Canadian Prime Minister Justin Trudeau’s farewell at Delhi Airport on Tuesday, two days after every other VIP had left after the G20 summit, may rank high on the embarrassment list, not for any fault of his. His aircraft had developed a snag and it took time to fix. Though the Indian government offered him Air India One to fly back, Trudeau refused and decided to wait for his aircraft to get airborne.
But for Trudeau, who has presided over a downturn in relations with India because of what is seen as free rein given to Khalistani elements in his country, every extra day here would have been uncomfortable more so since the Indian readout of his talks with Prime Minister Modi was toughly worded.
The Prime Minister conveyed strong concern about continuing anti-India activities of extremist elements in Canada. They are promoting secessionism and inciting violence against Indian diplomats, damaging diplomatic premises and threatening the Indian community in Canada and places of worship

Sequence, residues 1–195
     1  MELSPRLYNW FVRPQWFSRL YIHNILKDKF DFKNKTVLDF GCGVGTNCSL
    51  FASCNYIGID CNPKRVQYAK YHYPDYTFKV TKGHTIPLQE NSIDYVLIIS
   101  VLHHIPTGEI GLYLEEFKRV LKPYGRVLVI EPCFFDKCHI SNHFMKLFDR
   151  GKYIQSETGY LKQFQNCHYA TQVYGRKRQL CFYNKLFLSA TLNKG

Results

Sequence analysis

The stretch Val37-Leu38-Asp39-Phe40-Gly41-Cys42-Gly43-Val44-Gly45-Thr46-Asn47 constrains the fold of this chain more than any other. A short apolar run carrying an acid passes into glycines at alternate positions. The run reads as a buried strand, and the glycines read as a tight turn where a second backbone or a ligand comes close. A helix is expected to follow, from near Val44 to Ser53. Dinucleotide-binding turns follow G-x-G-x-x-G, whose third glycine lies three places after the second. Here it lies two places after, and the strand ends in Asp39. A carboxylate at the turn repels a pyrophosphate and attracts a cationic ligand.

Indian diplomats who have served in Canada, say Ottawa has failed to manage the Khalistanis there and the reason could be the political support given by the pro-Khalistani New Democratic Party of Jagmeet Singh to the Trudeau government
What would have irritated the South Block was Trudeau’s broad hints that India was meddling in Canada’s internal affairs, an accusation India has denied, rather India believes the Canadian government has been lenient in tackling Khalistani groups.
Where do Ottawa and Delhi go now? It’s pretty clear that Trudeau after nine years in power may be shown the door by his party. India can only hope that the new incumbent, whoever he or she is, will be more willing to crack down on the Khalistanis in Canada and give priority to the India relationship.